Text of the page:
Read more

Sarah Witman

Photo of the Day

A visit to the LBNE cryostat

Representatives from the industrial firm IHI Inc. in New York visit Fermilab to see the 35-ton prototype cryostat for the Long-Baseline Neutrino Experiment. IHI Corporation, parent company of IHI Inc. and based in Japan, designed and supplied the membrane for the cryostat and the technical supervision during the installation. Fermilab technicians built the cryostat. From left: Senior Vice President Keiichi lshikane (IHI), Executive Vice President and Chief Operating Officer Tsutomu Yoshida (IHI), LBNE Lead Cryostat Engineer David Montanari (Fermilab), Manager for Technical Research and Business Development Yuichi Nishiyama (IHI), LBNE Far-Detector Project Manager Jim Stewart (Brookhaven Lab). The LBNE collaboration recently filled the cryostat with liquid argon, the material that will allow scientists to observe neutrino interactions. Stay tuned for more on the LBNE cryostat in a future Fermilab Today article.
In the News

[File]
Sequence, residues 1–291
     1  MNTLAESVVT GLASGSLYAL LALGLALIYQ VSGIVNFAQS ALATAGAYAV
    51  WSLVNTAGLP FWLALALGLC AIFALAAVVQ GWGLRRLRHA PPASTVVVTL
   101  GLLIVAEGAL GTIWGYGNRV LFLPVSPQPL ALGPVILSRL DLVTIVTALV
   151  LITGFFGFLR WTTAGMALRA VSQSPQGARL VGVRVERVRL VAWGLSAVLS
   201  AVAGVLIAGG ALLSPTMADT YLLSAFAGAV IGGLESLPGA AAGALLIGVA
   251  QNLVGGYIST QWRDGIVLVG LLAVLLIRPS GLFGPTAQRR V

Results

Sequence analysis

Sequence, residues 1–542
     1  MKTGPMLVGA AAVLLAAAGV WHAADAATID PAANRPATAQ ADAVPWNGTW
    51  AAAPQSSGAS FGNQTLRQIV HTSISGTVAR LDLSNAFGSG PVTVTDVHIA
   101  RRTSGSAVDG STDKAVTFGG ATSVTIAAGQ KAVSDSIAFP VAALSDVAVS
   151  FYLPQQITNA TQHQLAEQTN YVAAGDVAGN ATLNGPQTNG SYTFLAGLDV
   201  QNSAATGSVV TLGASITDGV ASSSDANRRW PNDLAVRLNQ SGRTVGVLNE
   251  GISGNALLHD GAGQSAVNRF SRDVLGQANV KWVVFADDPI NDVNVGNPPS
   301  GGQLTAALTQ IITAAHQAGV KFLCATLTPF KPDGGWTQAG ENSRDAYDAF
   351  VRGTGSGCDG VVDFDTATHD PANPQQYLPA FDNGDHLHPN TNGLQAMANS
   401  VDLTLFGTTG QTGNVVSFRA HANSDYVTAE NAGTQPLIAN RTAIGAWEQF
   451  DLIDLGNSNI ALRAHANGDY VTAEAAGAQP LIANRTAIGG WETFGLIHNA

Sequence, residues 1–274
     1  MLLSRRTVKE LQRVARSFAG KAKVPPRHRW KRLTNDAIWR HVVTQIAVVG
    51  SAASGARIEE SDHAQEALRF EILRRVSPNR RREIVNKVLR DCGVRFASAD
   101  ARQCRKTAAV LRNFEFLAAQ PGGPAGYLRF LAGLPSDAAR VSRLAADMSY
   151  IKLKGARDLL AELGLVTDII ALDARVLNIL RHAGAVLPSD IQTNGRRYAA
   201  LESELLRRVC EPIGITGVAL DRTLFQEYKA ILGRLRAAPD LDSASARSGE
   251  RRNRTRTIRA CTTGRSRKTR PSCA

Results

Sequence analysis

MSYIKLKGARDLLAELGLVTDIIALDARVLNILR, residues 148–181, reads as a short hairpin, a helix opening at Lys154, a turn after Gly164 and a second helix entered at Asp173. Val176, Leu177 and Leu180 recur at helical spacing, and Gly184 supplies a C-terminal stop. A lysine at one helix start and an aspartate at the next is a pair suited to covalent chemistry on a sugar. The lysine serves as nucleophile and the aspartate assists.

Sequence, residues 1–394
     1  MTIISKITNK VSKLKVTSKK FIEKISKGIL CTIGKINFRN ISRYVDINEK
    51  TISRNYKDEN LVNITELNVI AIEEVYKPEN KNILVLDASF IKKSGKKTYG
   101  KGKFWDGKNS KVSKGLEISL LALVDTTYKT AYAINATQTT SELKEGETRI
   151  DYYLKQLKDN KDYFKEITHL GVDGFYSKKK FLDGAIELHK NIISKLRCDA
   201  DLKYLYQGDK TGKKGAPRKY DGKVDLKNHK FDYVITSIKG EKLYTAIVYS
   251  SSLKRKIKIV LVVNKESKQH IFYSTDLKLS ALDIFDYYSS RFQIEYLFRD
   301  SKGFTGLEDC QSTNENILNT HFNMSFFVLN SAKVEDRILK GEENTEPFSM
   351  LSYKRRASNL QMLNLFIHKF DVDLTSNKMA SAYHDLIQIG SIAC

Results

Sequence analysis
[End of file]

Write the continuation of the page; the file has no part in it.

Fermilab's NOvA experiment

From Chicago Tonight, Jan. 14, 2014

Editor's note: This article includes Chicago Tonight's 5-minute video broadcast on the NOvA near detector.

One of the ironies of modern science is that increasingly bigger experiments are required to better understand the smallest of particles. That's the case with a new machine at Fermilab in far west suburban Batavia. Physicists there have just completed installing one of the largest particle detectors in the world, and it's working in conjunction with another detector 500 miles away to try to unlock the mysteries of the neutrino.

Weighing in at nearly 13 tons, it took scientists and technicians at Fermilab more than a little effort to get a massive block into place. They had to make adjustments, realignments, and do a bit of finagling to get it in the right spot.